I am not sure how I expect the Ninth Circuit to rule. On the one hand, the language of the intiative says that is not a process for nominating any particular party's candidates for office (see esp. DEFINITIONS sec. 5 as amended). The argument of the state (the Grange is also involved in the litigation) is that the candidates are already running for office under the banner of some particular party before the primary takes place. Indeed, this seems to me to be the case.

Once again, I can't believe the Libertarian party has joined in this lawsuit (they were in on the last one too). This is a completely unprincipled move; the Libertarian party is not supposed to believe in government suppport for or regulation of political parties.

There is, of course, still a legitimate problem: the system as it stands seems to have as a consequence that a candidate not supporting the platform of a particular party could run for office under that party's name. However (another reason I'm appalled at the Libertarian party's role in the litigation), there is an obvious (small l) libertarian solution to the problem: trademark law. All that a party needs to do is register a trademark on its name, and then enforce the trademark on anyone who attempts to run under the party's name and is not a duly nominated candidate. For instance, the Libertarian Party holds nominating conventions, so they will trademark the phrase "Libertarian Party", nominate a candidate, then use trademark law to prohibit any other candidate from claiming to be endorsed by the Libertarian Party. I imagine that this is already done by, for instance, the NRA when they endorse candidates. The Party could go further by having as a membership condition a contractual obligation not to run for office unless duly nominated by the Party, then no one running could claim to be a member of the Libertarian Party. (Could he still claim to be a Libertarian? Would a trademark on the word Libertarian carry? I don't know what trademark law looks like, but if it was my decision they would be allowed to trademark Libertarian used as a proper name of an organization, but not used as an uncapitalized common noun.) The Democratic and Republican parties might want to hold their own primaries, or allow multiple candidates to run, but only after somehow being approved. The problem (in the eyes of the parties) is that if the approval process was not to the liking of the voters, it would be easy for a candidate to get on the primary ballot and the "major parties" would not have any special priveleges in the election process. Sounds good to me.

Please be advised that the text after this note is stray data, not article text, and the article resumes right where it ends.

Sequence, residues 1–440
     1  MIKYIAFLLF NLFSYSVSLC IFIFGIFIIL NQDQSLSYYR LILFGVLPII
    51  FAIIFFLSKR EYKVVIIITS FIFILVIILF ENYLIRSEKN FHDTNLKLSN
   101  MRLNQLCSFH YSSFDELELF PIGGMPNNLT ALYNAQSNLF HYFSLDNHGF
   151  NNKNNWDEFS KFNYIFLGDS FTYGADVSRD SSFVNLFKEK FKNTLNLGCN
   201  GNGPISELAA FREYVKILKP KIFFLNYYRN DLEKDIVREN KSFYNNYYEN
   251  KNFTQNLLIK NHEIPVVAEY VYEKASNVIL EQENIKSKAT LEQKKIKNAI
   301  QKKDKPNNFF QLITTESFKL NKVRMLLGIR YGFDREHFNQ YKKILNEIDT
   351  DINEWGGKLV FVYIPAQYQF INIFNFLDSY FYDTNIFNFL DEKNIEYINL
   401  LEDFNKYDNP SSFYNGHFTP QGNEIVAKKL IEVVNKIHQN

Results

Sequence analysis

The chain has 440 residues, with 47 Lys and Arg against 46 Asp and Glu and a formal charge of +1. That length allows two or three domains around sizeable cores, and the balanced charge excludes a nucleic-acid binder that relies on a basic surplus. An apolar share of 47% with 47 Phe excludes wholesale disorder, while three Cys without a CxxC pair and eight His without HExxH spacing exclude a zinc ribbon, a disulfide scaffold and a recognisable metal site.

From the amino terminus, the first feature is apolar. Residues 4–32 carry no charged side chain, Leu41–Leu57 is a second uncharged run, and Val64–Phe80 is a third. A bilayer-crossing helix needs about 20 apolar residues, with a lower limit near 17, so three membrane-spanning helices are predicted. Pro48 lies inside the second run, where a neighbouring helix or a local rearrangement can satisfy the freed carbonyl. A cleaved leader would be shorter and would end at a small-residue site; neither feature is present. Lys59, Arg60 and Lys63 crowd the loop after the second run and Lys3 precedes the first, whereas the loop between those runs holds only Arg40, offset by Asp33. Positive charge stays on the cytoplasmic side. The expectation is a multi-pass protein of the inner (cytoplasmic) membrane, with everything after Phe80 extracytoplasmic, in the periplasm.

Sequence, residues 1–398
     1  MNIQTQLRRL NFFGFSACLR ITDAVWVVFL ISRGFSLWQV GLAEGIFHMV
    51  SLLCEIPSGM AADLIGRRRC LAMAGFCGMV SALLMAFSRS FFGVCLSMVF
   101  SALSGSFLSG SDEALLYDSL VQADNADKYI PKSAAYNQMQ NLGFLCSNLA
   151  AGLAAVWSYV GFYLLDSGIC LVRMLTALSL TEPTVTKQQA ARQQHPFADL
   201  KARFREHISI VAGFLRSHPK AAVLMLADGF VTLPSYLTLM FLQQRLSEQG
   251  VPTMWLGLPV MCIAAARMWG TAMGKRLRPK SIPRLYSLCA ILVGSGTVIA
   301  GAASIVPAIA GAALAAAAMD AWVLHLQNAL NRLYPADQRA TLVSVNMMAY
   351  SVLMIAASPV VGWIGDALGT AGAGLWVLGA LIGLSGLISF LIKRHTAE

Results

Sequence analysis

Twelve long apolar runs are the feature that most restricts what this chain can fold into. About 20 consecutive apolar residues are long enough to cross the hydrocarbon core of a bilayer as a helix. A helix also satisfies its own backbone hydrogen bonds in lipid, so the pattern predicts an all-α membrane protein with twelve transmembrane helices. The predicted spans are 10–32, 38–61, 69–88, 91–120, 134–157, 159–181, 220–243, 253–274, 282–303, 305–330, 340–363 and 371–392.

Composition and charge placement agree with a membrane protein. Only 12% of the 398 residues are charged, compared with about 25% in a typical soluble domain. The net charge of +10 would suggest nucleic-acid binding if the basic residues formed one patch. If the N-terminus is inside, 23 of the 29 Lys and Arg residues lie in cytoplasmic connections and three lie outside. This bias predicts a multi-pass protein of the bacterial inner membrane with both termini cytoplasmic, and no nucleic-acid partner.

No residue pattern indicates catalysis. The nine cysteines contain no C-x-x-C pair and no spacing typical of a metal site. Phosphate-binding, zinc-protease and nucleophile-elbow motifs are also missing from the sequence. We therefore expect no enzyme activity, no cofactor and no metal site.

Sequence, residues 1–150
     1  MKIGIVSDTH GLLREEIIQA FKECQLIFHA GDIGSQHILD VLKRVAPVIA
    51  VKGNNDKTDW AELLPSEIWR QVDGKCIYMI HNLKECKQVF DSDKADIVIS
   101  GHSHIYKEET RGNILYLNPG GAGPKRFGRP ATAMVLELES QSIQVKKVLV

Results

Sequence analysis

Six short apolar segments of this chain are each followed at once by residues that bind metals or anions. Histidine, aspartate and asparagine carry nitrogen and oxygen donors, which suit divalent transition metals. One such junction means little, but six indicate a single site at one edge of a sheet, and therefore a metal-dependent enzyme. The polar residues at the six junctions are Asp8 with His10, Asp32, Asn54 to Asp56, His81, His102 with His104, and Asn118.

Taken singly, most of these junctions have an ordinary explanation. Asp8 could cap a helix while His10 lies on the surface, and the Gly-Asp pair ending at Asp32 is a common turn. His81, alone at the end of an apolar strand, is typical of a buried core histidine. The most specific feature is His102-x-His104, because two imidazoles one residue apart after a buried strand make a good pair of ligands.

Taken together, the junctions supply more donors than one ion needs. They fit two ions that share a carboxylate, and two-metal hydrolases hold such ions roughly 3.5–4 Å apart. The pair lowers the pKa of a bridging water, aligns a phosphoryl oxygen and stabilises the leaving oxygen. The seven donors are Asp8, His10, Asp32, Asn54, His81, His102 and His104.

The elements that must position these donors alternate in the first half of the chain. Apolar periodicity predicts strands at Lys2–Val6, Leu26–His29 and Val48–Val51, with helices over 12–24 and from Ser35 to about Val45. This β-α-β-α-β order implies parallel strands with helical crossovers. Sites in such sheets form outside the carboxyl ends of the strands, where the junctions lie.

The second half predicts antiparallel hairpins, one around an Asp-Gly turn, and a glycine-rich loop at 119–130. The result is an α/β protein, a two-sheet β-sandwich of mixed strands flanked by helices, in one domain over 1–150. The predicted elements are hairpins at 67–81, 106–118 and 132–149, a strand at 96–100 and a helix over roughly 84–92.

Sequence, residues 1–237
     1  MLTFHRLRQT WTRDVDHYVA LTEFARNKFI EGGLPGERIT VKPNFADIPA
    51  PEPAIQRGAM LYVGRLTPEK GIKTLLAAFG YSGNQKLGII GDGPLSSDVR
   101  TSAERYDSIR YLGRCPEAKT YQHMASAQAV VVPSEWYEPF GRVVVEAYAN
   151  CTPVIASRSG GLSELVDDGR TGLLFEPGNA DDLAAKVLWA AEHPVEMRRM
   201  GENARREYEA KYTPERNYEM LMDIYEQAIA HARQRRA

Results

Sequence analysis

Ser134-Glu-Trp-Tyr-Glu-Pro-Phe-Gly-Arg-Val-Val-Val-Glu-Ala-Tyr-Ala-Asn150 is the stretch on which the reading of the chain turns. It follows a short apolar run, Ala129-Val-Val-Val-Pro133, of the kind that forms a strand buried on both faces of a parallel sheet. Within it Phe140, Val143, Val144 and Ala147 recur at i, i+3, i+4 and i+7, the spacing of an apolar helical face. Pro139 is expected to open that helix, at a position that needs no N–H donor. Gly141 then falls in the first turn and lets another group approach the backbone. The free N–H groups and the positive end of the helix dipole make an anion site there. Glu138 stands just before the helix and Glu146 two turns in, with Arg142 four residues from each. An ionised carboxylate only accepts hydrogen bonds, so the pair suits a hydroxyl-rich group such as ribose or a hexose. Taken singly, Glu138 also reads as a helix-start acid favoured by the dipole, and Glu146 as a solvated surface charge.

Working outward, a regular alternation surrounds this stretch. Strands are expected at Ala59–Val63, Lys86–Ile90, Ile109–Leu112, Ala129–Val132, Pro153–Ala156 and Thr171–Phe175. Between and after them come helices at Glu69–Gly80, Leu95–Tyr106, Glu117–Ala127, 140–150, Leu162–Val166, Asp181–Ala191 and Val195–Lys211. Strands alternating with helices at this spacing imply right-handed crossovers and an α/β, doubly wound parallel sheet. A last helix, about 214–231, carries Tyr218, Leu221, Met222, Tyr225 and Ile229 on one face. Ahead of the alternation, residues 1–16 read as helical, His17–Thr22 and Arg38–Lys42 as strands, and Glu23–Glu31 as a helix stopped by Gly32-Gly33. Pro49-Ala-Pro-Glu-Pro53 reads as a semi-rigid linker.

When I-872 was up on the ballot last year, I had a discussion with then-candidate for Secretary of State Jacqueline Passey in a pair of posts to this blog. I thought, and still think, that libertarian principles far prefer I-872 over any type of partisan primaries. Like labor unions, political parties do wonderful things as long as they are truly voluntary associations of individuals who wish to work together to effect some end. However, the moment they are recognized by the government and regulations are put into effect giving them special treatment and deciding which ones count as "legitimate," they suddenly become irredeemably evil. I support labor unions and I support political parties, in principle, but I am vehemently opposed to government recognition of either, and I must oppose the parties and unions themselves once they become recognized by the government.

For complete information on the status of I-872, see here.

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August 25, 2005

FDA to Regulate Medical Usage of Maggots and Leeches

No, I'm not joking. It has been decided that both qualify as "mechanical devices" for medical use and will be regulated accordingly. See the New York Times article here. Now if only they'd regulate mosquitos (out of existence)...